How do you define legal language?
If we were to consider what role language plays in law, it wouldn't take us long to realize they are so interrelated that it would be hard to argue the latter could exist without the former. Furthermore, language is such an essential instrument of law that, without it, law wouldn't be able to diffuse nor keep a record of itself.
In fact, the government could not carry out its functions without language. These functions manifest themselves in the communication the three branches of government (legislative, executive, and judicial) maintain with the citizen. Likewise, citizens make use of this vital instrument in their communications to any type of state institution. Lastly, there is another realm in which language is key: the relationships among private persons.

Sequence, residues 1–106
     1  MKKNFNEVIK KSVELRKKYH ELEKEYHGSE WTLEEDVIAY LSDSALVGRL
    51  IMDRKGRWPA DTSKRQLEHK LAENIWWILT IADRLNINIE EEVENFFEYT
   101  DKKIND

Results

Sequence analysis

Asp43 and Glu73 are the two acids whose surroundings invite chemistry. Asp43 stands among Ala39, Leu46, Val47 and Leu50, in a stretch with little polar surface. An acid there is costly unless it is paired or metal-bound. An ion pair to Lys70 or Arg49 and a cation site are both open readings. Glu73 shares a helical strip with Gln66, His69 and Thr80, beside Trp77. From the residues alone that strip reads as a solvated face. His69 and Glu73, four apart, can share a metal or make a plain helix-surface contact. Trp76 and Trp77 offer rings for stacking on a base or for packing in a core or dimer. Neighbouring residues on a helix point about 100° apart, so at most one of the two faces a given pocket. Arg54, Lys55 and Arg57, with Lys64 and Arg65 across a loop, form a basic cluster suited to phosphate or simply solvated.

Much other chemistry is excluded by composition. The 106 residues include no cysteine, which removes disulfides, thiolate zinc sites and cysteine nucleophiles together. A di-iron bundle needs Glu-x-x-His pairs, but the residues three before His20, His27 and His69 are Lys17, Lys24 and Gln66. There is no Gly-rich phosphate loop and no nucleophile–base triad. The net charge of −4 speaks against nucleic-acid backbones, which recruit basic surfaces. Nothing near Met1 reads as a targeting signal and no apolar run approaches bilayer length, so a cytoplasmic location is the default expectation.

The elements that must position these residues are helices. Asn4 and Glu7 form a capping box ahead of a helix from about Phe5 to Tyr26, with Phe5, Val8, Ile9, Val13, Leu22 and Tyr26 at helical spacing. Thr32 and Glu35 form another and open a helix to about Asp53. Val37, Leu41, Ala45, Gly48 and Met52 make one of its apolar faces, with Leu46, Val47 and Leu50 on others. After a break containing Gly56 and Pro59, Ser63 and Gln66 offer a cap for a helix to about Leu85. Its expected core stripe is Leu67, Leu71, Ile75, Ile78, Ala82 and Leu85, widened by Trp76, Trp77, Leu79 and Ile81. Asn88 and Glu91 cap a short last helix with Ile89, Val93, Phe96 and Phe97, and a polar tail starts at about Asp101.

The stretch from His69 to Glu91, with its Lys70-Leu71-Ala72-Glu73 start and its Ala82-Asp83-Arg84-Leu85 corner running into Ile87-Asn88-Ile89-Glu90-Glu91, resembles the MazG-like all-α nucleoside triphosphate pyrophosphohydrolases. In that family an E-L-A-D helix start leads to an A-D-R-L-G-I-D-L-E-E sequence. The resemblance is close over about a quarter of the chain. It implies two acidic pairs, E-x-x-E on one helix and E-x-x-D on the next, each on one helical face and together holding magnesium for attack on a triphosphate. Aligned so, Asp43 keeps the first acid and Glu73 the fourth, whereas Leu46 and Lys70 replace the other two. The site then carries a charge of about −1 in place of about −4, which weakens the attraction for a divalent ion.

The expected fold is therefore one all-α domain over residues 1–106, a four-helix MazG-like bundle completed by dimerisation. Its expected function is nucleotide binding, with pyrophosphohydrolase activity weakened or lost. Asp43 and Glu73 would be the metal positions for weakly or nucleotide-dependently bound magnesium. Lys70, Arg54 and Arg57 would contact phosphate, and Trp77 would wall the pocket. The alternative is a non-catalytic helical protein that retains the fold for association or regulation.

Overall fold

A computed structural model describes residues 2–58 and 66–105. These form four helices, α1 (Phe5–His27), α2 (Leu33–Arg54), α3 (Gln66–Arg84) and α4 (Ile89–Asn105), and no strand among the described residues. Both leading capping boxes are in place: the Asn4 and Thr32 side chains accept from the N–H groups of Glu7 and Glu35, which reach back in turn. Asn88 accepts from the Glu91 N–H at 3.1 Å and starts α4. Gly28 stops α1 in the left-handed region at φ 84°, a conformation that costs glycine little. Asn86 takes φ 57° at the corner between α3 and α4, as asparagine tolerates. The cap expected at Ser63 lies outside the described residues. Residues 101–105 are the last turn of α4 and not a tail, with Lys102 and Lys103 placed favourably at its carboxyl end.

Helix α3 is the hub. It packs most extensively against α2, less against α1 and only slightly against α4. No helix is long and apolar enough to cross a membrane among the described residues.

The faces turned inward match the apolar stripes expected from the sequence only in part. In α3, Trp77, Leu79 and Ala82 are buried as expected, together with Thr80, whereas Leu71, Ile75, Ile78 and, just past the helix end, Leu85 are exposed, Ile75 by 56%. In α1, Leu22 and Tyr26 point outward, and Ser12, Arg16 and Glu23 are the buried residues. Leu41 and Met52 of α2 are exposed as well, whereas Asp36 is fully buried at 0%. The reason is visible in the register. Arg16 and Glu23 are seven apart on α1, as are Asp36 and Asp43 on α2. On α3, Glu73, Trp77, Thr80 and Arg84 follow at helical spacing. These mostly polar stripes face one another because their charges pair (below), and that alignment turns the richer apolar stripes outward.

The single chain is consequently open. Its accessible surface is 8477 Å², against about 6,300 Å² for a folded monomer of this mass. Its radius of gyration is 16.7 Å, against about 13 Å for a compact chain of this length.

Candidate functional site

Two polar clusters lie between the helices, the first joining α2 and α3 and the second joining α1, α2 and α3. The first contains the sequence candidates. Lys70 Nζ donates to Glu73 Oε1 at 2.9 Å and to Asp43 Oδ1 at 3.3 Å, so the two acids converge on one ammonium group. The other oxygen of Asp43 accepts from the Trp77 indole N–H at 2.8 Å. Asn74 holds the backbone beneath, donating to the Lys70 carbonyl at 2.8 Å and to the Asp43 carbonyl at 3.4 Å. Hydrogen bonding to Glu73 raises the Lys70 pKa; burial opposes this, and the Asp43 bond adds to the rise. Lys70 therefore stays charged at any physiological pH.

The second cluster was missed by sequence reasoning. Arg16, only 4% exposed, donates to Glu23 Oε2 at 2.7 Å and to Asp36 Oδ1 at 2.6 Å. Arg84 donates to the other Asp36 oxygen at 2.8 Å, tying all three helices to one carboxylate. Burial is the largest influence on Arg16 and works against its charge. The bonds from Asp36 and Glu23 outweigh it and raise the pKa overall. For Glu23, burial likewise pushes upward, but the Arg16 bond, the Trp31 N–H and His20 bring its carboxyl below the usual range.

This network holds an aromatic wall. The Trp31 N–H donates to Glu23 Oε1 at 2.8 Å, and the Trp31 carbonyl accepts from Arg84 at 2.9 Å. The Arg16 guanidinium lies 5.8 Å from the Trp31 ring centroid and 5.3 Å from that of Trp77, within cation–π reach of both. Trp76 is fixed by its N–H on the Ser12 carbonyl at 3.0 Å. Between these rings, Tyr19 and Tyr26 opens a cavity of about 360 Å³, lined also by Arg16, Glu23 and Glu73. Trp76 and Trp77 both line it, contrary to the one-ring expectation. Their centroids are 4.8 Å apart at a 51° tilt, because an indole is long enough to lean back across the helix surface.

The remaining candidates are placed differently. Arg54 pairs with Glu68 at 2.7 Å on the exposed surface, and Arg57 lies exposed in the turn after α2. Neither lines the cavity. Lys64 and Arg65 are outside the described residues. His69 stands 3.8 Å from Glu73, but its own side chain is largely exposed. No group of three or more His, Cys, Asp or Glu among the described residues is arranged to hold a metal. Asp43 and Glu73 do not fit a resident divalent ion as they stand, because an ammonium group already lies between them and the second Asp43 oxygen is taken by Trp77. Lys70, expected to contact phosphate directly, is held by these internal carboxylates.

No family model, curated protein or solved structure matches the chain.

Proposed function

Legal language is often compared to other highly specialized and technical languages, like medical or engineering. There is a main difference, however, since legal language tends to remain conservative. It still relies on unchanging expressions and old-fashioned formulas. Although, in more recent times, societies, being strongly intertwined with technology, are facing changes and thus legal language is forced to evolve along with it.
This leads us to the final point: language is a tool for jurists since legal reasoning is based on linguistic logic. For translators specializing in law, this is particularly pertinent because not only do we need to understand this form of linguistic logic, but also need to be able to transform it to different legal systems in which this particular line of reasoning may not exist. It is, in other words, another linguistic layer that needs to be overcome. So, on the one hand, there is the linguistic barrier between English and Spanish, for example, but, on the other hand, there is the language hurdle between Anglo-Saxon Common law and Civil law, also know as European Continental or Roman law.